Greece is in the news today. Their government bonds are facing a hefty downgrade, and interest rates demanded are rising briskly. In short, the Greek government is running out of options to finance itself, to the point where a possible bailout from the European Union has been raised.
The article gives a puzzling statistic, which I think is a mistake. It reports Greek national debt is 125% of GDP, which would be a very manageable level of debt—better than major European economies as well as the U.S., all running in the ballpark of 150% of GDP, or Japan which is close to 200%. I wonder if they mean 125% in excess of GDP, or 225%.
This is an interesting number to me because it defines the point where governments are forced to stop deficit spending. In a recent post, I offered a debt-to-GDP ratio of somewhere between 2 to 6 based on examples we have from different countries. If the Greek balance sheet is going into a tailspin at 2.25, then we may be reaching government spending limits even sooner than I was guessing.
ADDENDUM: So I've been researching national debts, and I find numbers all over the place. 125% is a common number I see for Greece, with the U.S. and much of Europe hovering around 60-70%, and Japan at 170%. So clearly there are different ways to calculate the figure. Will post further when I see better consensus data. Here is some 2008 data, though, as we know, when it comes to public spending, 2009 was a busy year. What really matters is that national debt to tax collection ratio, of which GDP may be seen as a ballpark indicator of taxes the government can collect.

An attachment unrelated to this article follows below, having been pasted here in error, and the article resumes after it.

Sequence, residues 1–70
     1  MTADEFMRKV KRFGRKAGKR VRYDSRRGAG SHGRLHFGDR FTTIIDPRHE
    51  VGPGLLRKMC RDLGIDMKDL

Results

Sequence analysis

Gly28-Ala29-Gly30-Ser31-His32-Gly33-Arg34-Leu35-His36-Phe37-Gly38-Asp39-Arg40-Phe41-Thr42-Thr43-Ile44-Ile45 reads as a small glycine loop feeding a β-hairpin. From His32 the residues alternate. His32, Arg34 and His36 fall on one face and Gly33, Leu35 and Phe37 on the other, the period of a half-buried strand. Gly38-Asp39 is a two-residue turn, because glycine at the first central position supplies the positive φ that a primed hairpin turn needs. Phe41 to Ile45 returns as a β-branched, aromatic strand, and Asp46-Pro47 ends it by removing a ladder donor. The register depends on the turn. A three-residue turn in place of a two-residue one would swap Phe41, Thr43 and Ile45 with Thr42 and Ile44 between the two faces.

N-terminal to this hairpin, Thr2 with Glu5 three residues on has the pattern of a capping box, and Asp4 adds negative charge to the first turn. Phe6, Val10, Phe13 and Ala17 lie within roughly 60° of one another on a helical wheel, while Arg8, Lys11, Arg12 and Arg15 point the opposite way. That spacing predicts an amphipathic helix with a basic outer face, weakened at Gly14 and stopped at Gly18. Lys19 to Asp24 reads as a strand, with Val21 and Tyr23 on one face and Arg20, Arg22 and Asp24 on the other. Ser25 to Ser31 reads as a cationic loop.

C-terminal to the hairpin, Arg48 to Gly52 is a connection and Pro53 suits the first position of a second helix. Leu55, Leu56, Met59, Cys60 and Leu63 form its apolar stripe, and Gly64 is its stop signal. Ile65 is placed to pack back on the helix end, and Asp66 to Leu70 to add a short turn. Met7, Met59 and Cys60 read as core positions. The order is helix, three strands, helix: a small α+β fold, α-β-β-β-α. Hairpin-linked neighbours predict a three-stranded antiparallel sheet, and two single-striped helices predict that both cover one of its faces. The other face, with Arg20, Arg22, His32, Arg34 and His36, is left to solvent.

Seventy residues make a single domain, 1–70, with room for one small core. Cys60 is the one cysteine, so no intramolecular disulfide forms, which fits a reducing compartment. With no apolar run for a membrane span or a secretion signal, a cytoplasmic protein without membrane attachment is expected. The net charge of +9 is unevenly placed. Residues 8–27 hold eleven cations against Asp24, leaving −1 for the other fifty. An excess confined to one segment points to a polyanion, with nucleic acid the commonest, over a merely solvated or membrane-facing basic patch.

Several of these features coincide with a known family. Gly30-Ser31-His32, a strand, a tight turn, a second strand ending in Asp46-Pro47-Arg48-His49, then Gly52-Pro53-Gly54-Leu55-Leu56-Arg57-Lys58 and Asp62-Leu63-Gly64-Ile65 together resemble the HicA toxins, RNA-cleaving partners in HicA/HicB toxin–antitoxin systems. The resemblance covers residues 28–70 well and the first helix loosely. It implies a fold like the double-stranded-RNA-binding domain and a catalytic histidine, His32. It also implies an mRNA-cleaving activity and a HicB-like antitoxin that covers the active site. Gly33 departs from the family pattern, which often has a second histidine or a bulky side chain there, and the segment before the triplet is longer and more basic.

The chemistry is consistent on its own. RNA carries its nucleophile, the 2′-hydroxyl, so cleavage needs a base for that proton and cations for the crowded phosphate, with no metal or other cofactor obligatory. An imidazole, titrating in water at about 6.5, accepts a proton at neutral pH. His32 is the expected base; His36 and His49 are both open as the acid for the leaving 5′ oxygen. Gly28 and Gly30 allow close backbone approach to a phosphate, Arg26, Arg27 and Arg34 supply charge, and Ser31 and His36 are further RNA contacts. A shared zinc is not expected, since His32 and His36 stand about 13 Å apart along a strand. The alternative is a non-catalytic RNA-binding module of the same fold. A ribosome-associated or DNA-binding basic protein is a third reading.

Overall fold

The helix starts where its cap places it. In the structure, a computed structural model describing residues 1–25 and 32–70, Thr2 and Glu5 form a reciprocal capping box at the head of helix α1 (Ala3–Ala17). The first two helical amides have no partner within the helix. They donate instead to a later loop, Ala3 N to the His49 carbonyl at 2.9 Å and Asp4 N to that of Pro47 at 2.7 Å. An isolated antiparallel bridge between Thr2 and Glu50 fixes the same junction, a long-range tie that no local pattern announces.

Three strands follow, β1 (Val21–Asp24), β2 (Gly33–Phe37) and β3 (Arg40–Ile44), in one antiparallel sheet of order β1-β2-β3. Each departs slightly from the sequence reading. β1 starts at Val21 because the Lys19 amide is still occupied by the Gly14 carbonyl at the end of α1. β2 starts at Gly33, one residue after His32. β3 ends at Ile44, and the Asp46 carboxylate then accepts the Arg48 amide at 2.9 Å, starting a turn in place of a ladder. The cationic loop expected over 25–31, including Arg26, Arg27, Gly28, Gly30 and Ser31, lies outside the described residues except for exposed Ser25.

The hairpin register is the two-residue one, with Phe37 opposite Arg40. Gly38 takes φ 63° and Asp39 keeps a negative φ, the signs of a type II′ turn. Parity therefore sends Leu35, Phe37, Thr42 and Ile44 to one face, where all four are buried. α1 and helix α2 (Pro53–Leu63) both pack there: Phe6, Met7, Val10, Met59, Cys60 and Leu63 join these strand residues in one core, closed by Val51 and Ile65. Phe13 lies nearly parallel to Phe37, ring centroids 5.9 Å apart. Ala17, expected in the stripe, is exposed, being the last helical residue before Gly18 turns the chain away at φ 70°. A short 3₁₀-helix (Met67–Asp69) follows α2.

From the CIA World Factbook for Greece (2008): GDP is $344B, National Debt is 97.4% of GDP, Revenues are $127B, and expenditures are $144B.
1. Greece Government Bond Tumble Fails to Entice Pictet